Prolapse of the small intestine into the vagina is called an enterocele. When the upper part of the vagina loses its normal support, the small bowel can bulge into or push into it creating an enterocele. It is a type of hernia of the small bowel into the vagina (‘entero’ meaning related to the intestine and ‘cele’ meaning a hernia). Enterocele is often seen with a rectocele (prolapse of the rectum into the vagina).

Enterocele occurs sometimes in patients who have had a hysterectomy. In such cases, the top (vault) of the vagina has lost its support causing it to invert like an inside-out stocking. This is called as vault prolapse. However it may also occur in a woman who has an intact uterus.

What are the symptoms?

A small enterocele may not cause any symptoms. A larger one may however cause

  • Difficulty in bowel evacuation.
  • Feeling of pelvic heaviness or pain
  • A dragging sensation or low backache which may be relieved by lying down
  • A feeling of bulge in the vagina

How is it diagnosed?

A thorough pelvic examination may be all that you need for diagnosis of enterocele. The doctor may perform the examination in the lying down position as well as standing position.

If you have concomitant constipation or the doctor suspects that you are not relaxing your pelvic floor muscles properly, you may need to undergo a defecogram, which is an x ray evaluation of the evacuation sequence. A pelvic floor ultrasound also helps to look for paradoxical muscle contraction of the pelvic floor.


A non-symptomatic small enterocele may not need any treatment.
There are various non-surgical and surgical treatment options available for the rest. It is important to avoid constipation and treat it properly if present, as straining to pass stools may lead to worsening of the enterocele. Performing pelvic floor strengthening exercises regularly may help. Avoiding lifting heavy weights and weight reduction in case of obesity also is important.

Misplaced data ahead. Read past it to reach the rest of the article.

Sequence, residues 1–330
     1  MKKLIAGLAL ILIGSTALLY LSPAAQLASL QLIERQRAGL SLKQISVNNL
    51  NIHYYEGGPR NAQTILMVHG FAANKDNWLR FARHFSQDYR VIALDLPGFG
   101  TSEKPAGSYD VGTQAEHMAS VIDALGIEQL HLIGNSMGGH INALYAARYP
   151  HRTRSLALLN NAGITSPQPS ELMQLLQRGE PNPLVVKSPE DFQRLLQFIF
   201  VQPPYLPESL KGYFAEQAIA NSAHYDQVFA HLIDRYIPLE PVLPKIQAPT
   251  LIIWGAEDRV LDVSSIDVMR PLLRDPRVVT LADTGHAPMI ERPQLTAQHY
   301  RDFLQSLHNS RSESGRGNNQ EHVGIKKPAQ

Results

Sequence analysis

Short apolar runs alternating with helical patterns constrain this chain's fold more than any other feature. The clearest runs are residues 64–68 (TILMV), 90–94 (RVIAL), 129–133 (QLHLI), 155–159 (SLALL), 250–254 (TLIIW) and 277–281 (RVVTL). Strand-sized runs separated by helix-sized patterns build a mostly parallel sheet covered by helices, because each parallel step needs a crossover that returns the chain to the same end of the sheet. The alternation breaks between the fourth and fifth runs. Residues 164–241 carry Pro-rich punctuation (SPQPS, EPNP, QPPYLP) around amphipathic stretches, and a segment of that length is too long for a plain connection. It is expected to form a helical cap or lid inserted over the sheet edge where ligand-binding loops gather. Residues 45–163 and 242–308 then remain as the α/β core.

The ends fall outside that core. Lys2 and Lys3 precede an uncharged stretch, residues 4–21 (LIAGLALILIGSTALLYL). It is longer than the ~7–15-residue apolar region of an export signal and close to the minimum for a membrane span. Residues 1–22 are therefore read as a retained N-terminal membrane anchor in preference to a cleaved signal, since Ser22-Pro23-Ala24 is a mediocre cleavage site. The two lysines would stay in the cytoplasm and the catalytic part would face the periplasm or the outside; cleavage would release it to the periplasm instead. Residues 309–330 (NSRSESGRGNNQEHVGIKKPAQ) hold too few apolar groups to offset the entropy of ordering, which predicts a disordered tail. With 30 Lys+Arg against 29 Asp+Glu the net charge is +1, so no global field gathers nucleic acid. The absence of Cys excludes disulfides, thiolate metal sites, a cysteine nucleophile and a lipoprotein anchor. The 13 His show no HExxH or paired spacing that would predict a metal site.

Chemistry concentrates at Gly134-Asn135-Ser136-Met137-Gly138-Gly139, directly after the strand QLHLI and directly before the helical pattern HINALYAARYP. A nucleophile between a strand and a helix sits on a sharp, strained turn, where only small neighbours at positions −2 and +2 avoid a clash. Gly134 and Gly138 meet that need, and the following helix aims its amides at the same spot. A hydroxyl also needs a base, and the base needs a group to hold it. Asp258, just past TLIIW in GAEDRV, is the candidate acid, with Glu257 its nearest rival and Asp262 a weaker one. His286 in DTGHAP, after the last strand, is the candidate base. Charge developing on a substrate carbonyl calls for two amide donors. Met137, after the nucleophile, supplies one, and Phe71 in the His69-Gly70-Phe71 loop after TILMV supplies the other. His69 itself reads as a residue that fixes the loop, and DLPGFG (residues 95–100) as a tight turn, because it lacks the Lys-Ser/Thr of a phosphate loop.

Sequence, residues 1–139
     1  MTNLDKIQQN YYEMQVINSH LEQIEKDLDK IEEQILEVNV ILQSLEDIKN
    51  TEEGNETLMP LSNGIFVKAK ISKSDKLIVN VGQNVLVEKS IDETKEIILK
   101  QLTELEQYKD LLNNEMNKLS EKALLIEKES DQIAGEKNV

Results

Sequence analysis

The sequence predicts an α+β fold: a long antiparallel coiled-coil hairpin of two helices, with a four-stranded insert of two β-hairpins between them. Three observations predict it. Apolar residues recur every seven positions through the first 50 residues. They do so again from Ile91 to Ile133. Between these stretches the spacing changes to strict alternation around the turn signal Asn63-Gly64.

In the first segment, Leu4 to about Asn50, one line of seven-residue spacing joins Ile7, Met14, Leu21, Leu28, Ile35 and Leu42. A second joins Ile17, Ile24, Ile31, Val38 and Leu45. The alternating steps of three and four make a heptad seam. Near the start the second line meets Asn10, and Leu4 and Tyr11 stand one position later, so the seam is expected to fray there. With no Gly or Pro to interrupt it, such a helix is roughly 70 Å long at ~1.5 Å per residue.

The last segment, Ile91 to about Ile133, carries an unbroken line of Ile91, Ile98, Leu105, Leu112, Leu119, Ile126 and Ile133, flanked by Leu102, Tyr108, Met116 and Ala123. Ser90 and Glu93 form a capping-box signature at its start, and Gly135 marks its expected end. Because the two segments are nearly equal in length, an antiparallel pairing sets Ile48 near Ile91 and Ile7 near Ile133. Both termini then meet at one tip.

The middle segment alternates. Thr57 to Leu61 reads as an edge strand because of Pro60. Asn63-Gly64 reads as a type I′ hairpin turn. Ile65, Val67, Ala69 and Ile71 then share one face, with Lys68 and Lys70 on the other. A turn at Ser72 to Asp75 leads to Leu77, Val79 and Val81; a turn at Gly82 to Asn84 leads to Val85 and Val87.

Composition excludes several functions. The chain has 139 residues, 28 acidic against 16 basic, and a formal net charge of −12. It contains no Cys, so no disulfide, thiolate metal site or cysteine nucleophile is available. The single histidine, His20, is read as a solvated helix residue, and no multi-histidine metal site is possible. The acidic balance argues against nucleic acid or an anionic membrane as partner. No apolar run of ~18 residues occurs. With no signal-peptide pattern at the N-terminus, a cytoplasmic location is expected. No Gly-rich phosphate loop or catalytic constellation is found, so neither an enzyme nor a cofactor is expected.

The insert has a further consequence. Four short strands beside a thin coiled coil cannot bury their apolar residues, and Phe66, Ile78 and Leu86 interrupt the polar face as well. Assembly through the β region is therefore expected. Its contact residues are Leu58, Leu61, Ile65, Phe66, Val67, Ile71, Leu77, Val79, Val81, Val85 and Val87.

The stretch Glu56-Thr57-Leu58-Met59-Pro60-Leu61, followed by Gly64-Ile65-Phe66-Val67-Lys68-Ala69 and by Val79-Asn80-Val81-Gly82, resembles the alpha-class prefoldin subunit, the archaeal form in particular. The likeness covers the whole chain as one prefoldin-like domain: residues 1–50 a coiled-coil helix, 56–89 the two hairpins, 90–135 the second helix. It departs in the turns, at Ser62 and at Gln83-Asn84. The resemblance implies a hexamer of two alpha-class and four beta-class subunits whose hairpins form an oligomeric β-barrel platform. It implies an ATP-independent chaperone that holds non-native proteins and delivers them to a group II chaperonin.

Vaginal estrogen therapy: Estrogen therapy vaginally may be beneficial in postmenopausal women who suffer from prolapse as it limits further weakening of supporting tissues.

Pessary: A pessary is a deviceworn in the vagina for supporting the vaginal wall. It may be useful in patients who want to avoid surgery or delay surgery or in patients with a small enterocele

Biofeedback and physical therapy: Biofeedback is a therapy in which a small probe is placed in the vagina that is attached to a visual or sound display. It helps to improve awareness of the pelvic floor muscles and helps the patient to learn to relax them during defecation.

Surgical treatment: The goal of surgical treatment is to restore normal anatomy, put the bowel back in place and resuspend and support the vaginal vault. The repair of enterocele is combined with repair of other types of prolapse that may be co-existing. Typcially the surgery is completed vaginally. You can read more about vaginal surgery for enterocele here.

In patients who have recurrent prolapse or prolapse of the vaginal vault following hysterectomy, the surgery may be performed laparoscopically. You can read about laparoscopic sacrocolpopexy here.

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